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Activists from the advocacy group Avaaz demand the resignation of FIFA President Sepp Blatter at a demonstration in Zurich on May 28.
Arnd Wiegmann—Reuters

The international body that governs the sport of baseball is not, as some Major League Baseball fans might expect, located anywhere near New York, Chicago or any other great American baseball city. It’s not even in North America. The World Baseball and Softball Confederation (WBSC), which sets the rules and arranges the global tournaments for these two sports, is housed in Lausanne, Switzerland, in the same squat office complex as the world governing bodies of golf, weightlifting, boxing and a handful of other popular sports. Within walking distance are the international federations for hockey and volleyball.

What attracts them to Switzerland is not so much a Swiss mania for sport as the country’s lax regulatory environment, which gives international sporting bodies a special legal status, exempting them from taxes on revenue and from Swiss laws against corruption and money laundering. “There’s no secret about it,” says Oscar Lopez, head of communications for the WBSC. “There has been zero accountability. None.”

In one of the most notorious loopholes in Swiss law, the governing bodies of the world’s most popular sports have for years been allowed to police themselves, even as they earned fortunes from the broadcasting rights and promotional contracts that have proved fertile ground for corruption.

Thanks in large part to pressure from the U.S. government, that loophole is starting to close. The most dramatic push in this crackdown has hit FIFA, the world governing body of soccer, which is based in Zurich. On May 27, the U.S. attorney for the Eastern District of New York unsealed the indictments of nine senior FIFA officials, six of whom were arrested that day in a Swiss police raid at a luxury Zurich hotel. According to the indictments, these officials received around $150 million in bribes over the past two decades in exchange for granting promotional contracts and hosting rights for FIFA events.

Swiss authorities have meanwhile opened a separate probe into FIFA’s decision to grant Russia and Qatar the rights to host the next two World Cup soccer championships. And on June 2, Sepp Blatter, the longtime president of FIFA, resigned, saying that his “mandate does not appear to be supported by everybody.”

The American involvement in these events has largely been a result of the U.S. government’s drive to pursue American tax avoiders and criminals who use American communications and banking services. In 2009, the Department of Justice began to threaten criminal charges against Switzerland’s largest banks if they did not close loopholes in their banking laws that had allowed Americans to hide assets from the tax authorities back home.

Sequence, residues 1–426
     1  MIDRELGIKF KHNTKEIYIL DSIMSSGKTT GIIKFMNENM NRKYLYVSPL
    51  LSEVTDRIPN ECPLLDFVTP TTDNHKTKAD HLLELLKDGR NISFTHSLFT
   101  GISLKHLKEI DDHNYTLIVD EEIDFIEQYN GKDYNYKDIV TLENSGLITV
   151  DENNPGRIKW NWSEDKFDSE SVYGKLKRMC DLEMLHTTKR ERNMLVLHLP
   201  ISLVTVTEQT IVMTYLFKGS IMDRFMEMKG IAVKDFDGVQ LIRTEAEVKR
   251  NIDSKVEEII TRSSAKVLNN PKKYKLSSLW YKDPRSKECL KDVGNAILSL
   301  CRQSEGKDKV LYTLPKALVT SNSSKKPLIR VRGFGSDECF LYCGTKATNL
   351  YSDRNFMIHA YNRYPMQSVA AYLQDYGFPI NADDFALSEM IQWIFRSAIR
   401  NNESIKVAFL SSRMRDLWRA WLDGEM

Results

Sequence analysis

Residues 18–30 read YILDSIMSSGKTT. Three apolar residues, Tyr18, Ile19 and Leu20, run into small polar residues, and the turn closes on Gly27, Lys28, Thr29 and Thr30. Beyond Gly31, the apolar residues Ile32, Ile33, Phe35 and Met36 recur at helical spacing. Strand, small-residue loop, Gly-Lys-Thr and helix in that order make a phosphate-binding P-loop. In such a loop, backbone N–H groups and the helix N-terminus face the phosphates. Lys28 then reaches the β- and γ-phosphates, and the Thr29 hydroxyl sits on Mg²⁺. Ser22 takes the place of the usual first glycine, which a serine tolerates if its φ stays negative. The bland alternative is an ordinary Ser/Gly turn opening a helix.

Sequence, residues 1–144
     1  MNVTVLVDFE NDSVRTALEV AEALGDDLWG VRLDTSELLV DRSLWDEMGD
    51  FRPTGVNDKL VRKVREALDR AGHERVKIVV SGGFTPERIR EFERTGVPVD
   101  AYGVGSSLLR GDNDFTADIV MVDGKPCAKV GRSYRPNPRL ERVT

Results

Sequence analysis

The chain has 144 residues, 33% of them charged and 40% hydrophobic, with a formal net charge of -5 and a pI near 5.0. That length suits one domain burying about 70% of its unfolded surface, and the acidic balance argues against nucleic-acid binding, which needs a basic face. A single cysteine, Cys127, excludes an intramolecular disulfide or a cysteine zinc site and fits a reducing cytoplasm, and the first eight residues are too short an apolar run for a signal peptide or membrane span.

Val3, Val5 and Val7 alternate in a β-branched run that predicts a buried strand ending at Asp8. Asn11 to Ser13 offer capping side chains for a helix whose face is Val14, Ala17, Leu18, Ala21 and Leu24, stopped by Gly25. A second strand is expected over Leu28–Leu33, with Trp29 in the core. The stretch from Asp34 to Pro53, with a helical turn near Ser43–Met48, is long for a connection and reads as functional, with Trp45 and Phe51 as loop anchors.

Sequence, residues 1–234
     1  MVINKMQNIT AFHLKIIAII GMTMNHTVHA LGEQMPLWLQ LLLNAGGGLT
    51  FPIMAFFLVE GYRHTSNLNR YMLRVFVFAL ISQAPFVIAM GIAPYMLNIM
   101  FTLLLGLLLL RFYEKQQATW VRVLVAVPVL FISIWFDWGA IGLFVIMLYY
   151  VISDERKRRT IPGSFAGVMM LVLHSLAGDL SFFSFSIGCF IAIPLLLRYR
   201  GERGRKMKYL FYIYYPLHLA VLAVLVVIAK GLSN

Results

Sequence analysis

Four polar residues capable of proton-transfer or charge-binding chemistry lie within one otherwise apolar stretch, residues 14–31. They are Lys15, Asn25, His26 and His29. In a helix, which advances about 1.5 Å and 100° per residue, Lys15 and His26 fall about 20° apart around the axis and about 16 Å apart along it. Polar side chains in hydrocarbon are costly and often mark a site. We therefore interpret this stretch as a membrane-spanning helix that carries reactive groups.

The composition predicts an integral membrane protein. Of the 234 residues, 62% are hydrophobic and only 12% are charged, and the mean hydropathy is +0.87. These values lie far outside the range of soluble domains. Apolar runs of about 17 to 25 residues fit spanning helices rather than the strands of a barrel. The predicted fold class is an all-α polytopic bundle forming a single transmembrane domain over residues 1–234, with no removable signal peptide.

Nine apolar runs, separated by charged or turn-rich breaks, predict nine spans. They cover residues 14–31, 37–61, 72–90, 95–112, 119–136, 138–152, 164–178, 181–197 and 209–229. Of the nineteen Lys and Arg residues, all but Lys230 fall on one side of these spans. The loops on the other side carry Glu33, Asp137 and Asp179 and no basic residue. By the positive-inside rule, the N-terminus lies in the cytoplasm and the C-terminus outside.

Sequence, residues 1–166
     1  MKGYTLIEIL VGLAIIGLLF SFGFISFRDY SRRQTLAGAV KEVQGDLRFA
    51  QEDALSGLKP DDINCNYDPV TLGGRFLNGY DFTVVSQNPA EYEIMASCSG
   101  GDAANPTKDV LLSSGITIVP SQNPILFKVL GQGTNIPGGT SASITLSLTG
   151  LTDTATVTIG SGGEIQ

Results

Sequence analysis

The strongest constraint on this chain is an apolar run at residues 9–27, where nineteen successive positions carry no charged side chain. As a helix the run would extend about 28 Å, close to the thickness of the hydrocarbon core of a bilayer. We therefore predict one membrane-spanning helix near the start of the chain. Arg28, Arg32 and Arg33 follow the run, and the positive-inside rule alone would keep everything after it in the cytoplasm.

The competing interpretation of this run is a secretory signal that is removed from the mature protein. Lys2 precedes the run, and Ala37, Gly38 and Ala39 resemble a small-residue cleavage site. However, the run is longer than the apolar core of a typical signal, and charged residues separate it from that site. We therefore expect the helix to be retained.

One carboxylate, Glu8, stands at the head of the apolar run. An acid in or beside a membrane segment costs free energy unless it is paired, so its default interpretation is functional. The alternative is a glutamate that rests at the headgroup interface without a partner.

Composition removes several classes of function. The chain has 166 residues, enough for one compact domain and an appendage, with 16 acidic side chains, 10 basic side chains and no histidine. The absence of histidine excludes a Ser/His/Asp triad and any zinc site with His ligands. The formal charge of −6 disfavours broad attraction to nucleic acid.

The Swiss grudgingly complied, agreeing to reform their own rules and traditions of banking secrecy. “That was clearly the result of pressure from the United States,” says Ernst Gnaegi, the head of the international criminal law unit at the Swiss Department of Justice.

But Swiss officials are keen to avoid the perception that they have become the regulatory errand boys for the U.S. Department of Justice. Some Swiss politicians have made shining light into the country’s murkier corners their own mission.

In 2010, Swiss lawmakers turned their attention to the world of international sports, whose frequent corruption scandals “had become a problem for the reputation of the country,” says Roland Buechel, the parliamentarian who has led the calls for stricter oversight of these organizations since 2010. A milestone in this effort came in December, when the Swiss parliament passed a law designating the heads of global sporting bodies as “politically exposed persons,” a status usually reserved for dictators and their cronies who seek to stash ill-gotten gains in Switzerland. The status brands all of the heads of the sporting bodies—and their friends and family members—as potential money-launderers, and obliges Swiss banks to monitor their transactions closely.

Over the past few years, the Swiss drive to increase financial and regulatory oversight has gained legislative momentum and broad public support. In the latest step forward, the Swiss legislature is considering a bill to criminalize various forms of bribery that were previously treated as normal business transactions under Swiss law. “We’re moving ahead,” says Gnaegi of the Justice Department. “Step by step.”

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